The Sustainable Development Goals (SDGs) in relation to the sexual and reproductive health and rights (SRHR) of girls and women, provides a platform for the enhancement of the SRHR of adolescents and women, especially in Africa. The goals and targets such as those related to health, education and gender equality encompass many key aspects of SRHR of adolescent and women which includes access to sexual and reproductive health (SRH) services, comprehensive sexuality education and the ability to make decisions about their own health. SDGs adopt a framework that explicitly recognizes how integrally important enhancing SRHR is to achieving its larger goals [11] [15] [19] .

Extant evidence reveals that girls have enormous potential to contribute to world development and its sustainability. It has also been shown that girls involvement is a prerequisite to the achievement of development and sustainability. The Sustainable Development Goals thus rides on this and emphasizes the role that girls can and do play in achieving the vision for 2030. Central to the efforts of the SDGs is the recognition of gender equality as an indivisible and vital condition necessary to the achievement of the overarching 2030 Agenda. It emphasizes the indispensable need to end all forms of discrimination and violence against women and girls everywhere, to put a stop to harmful practices like child, early and forced marriage and female genital mutilation, and to ensure universal access to sexual and reproductive health and reproductive rights [14] [20] [21] [22] .

Girls are key stakeholders in the implementation and accountability of the SDGs. All SDGs processes and mechanisms take girls’ needs, voices, and disparate experiences into account. Girls represent a population group that cannot be left behind the bid to meet the goals agreed to in Agenda 2030. Girls are formidable agents for change with enormous potential to change realities for themselves, their friends, families, communities and countries. Despite this, girls remain one of the most marginalized populations in the world, facing the double discrimination of being both young and female. Girls, who come from minority ethnic groups, live in poverty, or have a disability are even more likely to be left behind and invisible [23] .

The end of poverty can only be achieved with the end of gender-based discrimination. All over the world, gender inequality makes and keeps women poor, depriving them of basic rights and opportunities for well-being. Women make significant contributions every day from bringing an income to her household as an employed wage earner, to creating jobs as an entrepreneur, to taking care of her family and elders. Poverty comes with many risks; discrimination leaves women less resilient to these. In an economic downturn, poor women are less likely to have savings and abilities to make up for lost income. Poor girls are more than twice as likely to marry in childhood as those who are wealthy. They then face potentially life threatening risks from early pregnancy, and often lost hopes for an education and a better income. Women have a right to equal access to all avenues to end poverty, from the application of social protection safety nets; to the use of the latest technology and a pre-condition for this to effectively be put in place is the empowerment of women. Therefore, achieving gender equality and women’s empowerment is a stand-alone goal (Goal 5) of the SDGs. As shown earlier, it is also part of all the other goals, with many targets specifically recognizing women’s equality and empowerment as both the objective, and as part of the solution [24] [25] .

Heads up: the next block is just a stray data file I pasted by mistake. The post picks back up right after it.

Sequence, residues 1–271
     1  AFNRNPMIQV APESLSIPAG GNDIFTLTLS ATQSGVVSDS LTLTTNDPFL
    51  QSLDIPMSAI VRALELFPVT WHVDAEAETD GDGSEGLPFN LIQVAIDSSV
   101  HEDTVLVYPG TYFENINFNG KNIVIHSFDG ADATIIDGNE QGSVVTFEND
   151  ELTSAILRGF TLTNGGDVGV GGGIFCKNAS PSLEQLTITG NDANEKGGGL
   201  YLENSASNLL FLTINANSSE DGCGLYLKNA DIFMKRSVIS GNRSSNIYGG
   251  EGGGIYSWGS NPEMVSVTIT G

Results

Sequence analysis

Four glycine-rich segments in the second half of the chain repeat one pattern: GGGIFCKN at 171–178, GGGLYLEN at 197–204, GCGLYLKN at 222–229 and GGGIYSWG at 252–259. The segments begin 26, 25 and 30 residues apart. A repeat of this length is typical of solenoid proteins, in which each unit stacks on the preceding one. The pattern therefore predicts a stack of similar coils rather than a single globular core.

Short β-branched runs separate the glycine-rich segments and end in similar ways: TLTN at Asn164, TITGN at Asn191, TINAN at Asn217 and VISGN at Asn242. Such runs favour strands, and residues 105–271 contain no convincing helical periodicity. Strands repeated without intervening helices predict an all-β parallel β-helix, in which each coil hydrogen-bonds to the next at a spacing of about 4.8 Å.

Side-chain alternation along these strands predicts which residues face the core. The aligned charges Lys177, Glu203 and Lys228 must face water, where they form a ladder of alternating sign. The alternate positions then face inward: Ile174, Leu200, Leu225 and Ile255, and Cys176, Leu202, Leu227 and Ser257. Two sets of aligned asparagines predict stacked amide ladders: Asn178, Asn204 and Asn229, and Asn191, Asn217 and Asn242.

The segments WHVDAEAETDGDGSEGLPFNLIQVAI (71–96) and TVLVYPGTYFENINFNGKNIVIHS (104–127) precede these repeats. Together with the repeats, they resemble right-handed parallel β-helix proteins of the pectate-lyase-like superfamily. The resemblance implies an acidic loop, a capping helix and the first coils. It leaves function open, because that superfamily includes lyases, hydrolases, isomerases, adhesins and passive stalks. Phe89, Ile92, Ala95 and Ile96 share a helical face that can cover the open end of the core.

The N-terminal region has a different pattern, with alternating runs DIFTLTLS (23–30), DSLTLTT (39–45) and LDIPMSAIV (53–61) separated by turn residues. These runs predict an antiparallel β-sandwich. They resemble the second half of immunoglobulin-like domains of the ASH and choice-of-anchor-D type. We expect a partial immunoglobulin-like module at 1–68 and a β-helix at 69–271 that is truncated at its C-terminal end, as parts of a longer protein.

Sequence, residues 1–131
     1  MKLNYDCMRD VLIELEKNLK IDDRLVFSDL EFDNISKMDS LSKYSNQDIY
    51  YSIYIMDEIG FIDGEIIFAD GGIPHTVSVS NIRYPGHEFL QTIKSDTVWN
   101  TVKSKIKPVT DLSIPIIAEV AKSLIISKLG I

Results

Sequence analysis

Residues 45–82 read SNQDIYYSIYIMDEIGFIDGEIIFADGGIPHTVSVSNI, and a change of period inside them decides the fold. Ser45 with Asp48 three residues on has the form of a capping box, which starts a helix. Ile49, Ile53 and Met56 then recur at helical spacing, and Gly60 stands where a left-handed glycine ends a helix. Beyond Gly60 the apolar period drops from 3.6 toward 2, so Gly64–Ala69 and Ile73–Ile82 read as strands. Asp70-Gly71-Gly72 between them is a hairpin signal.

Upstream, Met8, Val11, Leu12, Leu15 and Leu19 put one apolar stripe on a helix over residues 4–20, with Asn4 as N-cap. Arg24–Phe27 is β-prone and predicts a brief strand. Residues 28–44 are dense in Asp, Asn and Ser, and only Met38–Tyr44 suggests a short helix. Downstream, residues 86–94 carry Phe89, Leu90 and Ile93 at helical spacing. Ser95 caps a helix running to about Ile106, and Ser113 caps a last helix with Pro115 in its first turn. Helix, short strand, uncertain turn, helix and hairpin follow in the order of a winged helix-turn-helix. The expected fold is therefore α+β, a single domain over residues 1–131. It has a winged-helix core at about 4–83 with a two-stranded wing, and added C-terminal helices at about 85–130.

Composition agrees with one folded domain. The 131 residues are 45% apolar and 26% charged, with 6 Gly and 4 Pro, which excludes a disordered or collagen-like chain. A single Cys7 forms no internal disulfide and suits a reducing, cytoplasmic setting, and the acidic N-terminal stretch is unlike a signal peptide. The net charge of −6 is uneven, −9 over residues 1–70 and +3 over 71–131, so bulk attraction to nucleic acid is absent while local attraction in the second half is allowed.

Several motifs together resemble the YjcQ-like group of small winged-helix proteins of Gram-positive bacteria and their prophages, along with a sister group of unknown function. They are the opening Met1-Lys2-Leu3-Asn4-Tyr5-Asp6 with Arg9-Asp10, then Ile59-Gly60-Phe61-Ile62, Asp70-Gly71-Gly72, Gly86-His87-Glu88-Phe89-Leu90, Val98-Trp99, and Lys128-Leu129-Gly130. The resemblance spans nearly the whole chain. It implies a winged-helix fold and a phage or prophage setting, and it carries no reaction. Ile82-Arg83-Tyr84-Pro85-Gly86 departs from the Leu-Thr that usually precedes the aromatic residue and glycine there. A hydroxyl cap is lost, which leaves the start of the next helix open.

The SDGs promise to put an end to hunger, by achieving food security via the promotion of sustainable agriculture. The SDGs promise to support this role through the provision of training for women farmers and access to information and technology is a welcomed development. Thus, the SDGs promise to put an end to hunger, by achieving food security via the promotion of sustainable agriculture, providing training for the women farmers, access to information and technology and other strategies that will enable girls and women in Africa to get the nutrients they need, to manage the physical demands of pregnancy and breastfeeding in order to continue the reproductive cycle and to see to the sustainability of the universe [26] [27] .

The highest attainable standard of health is a fundamental right of every person. Gender-based discrimination, however, emasculates this right. It can render women more susceptible to sickness and less likely to obtain care, for reasons ranging from affordability to social conventions keeping the home. The promises of SDGs are to eliminate gender disparities in the education sector and to ensure equal access at all levels particularly for the vulnerable girls and women in Africa. It is expected that the goal will provide the much-needed knowledge and skills to promote sustainable development within the African sub region, promote culture of peace and non-violence, create opportunities for the vulnerable to exercise the right to human dignity. The SDGs promises to ensure healthy lives and promote well-being for all at all ages through universal access to sexual and reproductive health care services, including for family planning, information and education, and the integration of reproductive health into national strategies and programmes. This will bring about a drastic reduction in maternal mortality ratio, infant mortality ratio, unmet need for contraceptives, non-utilization of antenatal care, sexually transmitted infections/HIV, and enhances the wellbeing of adolescent and women in Africa. But abstract commitments made on paper are not nearly enough. The need for quick and effective steps toward implementation is urgent, particularly in the stark shadow of normalized and unacceptable human rights abuses faced by some of the most vulnerable populations in the world, especially girls [28] [29] .